"In Rosche, we continued by listing three requirements necessary for determining a child witness's ability to testify: '. . . There must be (1) . . . [a] capacity to communicate, including as it does both an ability to understand questions and to frame and express intelligent answers, (2) mental capacity to observe the occurrence itself and the capacity of remembering what it is that she is called to testify about and (3) a consciousness of the duty to speak the truth. These first two considerations are in some instances easily answered where a 7-year-old witness is called upon to testify as to a very recent event . . . .' Id. at 620-21, 156 A.2d at 310."

In the instant case, we do not feel that the trial judge abused his discretion in finding the witness competent. The trial court conducted an extensive voir dire outside the jury's presence to establish the witness's competency. The child demonstrated his ability to communicate and his capacity to recall the incident. The child stated that he remembered living at his mother's home at the time of the homicide and also that he remembered seeing his father attack his mother. Moreover, the trial was conducted within six months of the homicide, so as to shorten the time span between the child's observations and his recollection. In addition, the child demonstrated that he understood the nature of his oath to tell the truth. When asked what would happen if he lied, he stated that he would "go to the devil." This is far different from the case of Commonwealth v. Rimmel, 221 Pa. Superior Ct. 84, 289 A.2d 116 (1972), which appellant cites in an effort to establish the child's incompetency. In Rimmel, supra, the Superior Court found that the infant witnesses were incompetent because their answers indicated

[ 458 Pa. Page 395]

    that they did not understand the nature of their oath. In the instant case, the witness indicated he understood the nature of his obligation.

Appellant next argues that since his son recanted his testimony after the trial, he is entitled to a new trial. We do not agree. In Commonwealth v. Coleman, 438 Pa. 373, 264 A.2d 649 (1970), we stated: "The well-established rule is that an appellate court may not interfere with the denial or granting of a new trial where the sole ground is alleged recantation of state witnesses unless there has been a clear abuse of discretion." At page 377.

In the instant case, we can see no such abuse of discretion. For one thing, the witness did not make his recantation under oath. Rather, his recantation occurred in a room adjoining the courtroom. When he was again under oath, before the court en banc, appellant's son admitted that in a post-trial conversation with his father, he had recanted his original testimony in order to make his father happy, but he again repeated that his original trial testimony was the truth.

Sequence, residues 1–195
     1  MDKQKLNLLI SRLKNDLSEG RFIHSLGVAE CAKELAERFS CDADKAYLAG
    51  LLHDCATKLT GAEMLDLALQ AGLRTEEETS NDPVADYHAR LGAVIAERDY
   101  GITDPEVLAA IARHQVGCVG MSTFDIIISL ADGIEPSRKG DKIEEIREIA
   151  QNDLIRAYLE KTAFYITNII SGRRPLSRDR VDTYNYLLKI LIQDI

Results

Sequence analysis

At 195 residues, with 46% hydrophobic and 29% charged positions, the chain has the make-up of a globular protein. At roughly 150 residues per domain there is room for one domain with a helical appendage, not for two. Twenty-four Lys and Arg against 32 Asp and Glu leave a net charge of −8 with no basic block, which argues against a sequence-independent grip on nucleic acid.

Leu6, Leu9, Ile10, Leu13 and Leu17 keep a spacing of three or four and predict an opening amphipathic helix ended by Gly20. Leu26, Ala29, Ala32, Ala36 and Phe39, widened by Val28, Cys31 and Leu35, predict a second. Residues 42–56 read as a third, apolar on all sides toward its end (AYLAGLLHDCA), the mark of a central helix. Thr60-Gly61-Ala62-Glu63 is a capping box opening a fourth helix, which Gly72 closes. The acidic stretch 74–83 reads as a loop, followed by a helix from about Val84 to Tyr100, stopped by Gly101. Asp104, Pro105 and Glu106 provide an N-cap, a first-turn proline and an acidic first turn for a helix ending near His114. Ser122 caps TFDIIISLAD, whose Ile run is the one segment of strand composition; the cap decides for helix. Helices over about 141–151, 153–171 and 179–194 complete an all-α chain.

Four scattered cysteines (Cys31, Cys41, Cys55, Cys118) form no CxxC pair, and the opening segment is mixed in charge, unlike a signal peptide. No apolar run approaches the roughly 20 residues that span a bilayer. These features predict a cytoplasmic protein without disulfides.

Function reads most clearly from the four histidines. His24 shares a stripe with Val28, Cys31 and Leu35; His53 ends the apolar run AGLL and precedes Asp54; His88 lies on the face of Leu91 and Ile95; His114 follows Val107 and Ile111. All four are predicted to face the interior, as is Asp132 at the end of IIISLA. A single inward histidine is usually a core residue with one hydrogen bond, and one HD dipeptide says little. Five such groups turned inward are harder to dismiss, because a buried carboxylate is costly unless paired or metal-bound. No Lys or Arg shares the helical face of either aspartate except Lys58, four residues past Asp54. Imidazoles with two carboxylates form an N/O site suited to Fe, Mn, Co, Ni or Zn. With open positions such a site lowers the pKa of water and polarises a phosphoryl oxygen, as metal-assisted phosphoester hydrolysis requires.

In addition, testimony of two other witnesses presented by the Commonwealth corroborated the original testimony of the child, thus indicating that this original testimony, and not the recantation, was true. Although the appellant had denied being near the decedent's home on the night of the murder, Electra Towles, a neighbor of the decedent, testified that she heard appellant and the decedent arguing on that night and later saw appellant leave the decedent's home through a rear entrance. Another neighbor, Denise Dade, also identified appellant's voice as the one she heard arguing with the decedent on the night of the murder. The testimony of these other witnesses not only tends to bolster credibility of the child's in-court testimony, it is also evidence of his competency as a witness.

[ 458 Pa. Page 396]

Appellant next argues that the trial court committed error when it allowed the Commonwealth to cross-examine appellant as to substantial life insurance policies on his wife of which he was the beneficiary. We do not agree. The existence of the policies provides a possible motive for the killing. As we said in Commonwealth v. Kravitz, 400 Pa. 198, 161 A.2d 861 (1960): "Evidence to prove motive, or intent, or plan, or design, or ill will or malice is always admissible." At page 216.

Lastly, appellant argues the trial judge erred in reviewing the trial testimony. However, appellant did not take a specific exception to the trial judge's summary and, therefore, failed to preserve his objection on appeal. See Commonwealth v. Agie, 449 Pa. 187, 296 A.2d 741 (1972).

Judgment of sentence affirmed.


Judgment of sentence affirmed.